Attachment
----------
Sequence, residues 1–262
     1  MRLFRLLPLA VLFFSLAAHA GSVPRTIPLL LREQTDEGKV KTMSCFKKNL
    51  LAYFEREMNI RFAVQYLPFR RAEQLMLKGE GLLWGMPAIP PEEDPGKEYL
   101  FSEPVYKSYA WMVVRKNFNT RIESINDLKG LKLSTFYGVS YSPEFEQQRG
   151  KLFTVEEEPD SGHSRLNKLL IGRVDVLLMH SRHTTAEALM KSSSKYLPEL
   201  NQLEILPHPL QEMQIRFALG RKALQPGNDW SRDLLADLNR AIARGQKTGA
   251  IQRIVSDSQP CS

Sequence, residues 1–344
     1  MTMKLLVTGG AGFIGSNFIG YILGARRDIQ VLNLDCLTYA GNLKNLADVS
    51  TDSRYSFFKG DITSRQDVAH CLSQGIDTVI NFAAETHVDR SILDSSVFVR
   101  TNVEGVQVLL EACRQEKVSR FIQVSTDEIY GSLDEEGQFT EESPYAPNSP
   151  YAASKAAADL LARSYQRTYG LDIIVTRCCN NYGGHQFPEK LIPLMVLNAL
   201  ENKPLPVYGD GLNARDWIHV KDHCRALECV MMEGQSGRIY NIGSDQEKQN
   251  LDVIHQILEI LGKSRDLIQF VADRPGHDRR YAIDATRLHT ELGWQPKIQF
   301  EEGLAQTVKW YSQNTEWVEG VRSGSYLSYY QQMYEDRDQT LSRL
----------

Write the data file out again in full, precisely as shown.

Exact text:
Sequence, residues 1–262
     1  MRLFRLLPLA VLFFSLAAHA GSVPRTIPLL LREQTDEGKV KTMSCFKKNL
    51  LAYFEREMNI RFAVQYLPFR RAEQLMLKGE GLLWGMPAIP PEEDPGKEYL
   101  FSEPVYKSYA WMVVRKNFNT RIESINDLKG LKLSTFYGVS YSPEFEQQRG
   151  KLFTVEEEPD SGHSRLNKLL IGRVDVLLMH SRHTTAEALM KSSSKYLPEL
   201  NQLEILPHPL QEMQIRFALG RKALQPGNDW SRDLLADLNR AIARGQKTGA
   251  IQRIVSDSQP CS

Sequence, residues 1–344
     1  MTMKLLVTGG AGFIGSNFIG YILGARRDIQ VLNLDCLTYA GNLKNLADVS
    51  TDSRYSFFKG DITSRQDVAH CLSQGIDTVI NFAAETHVDR SILDSSVFVR
   101  TNVEGVQVLL EACRQEKVSR FIQVSTDEIY GSLDEEGQFT EESPYAPNSP
   151  YAASKAAADL LARSYQRTYG LDIIVTRCCN NYGGHQFPEK LIPLMVLNAL
   201  ENKPLPVYGD GLNARDWIHV KDHCRALECV MMEGQSGRIY NIGSDQEKQN
   251  LDVIHQILEI LGKSRDLIQF VADRPGHDRR YAIDATRLHT ELGWQPKIQF
   301  EEGLAQTVKW YSQNTEWVEG VRSGSYLSYY QQMYEDRDQT LSRL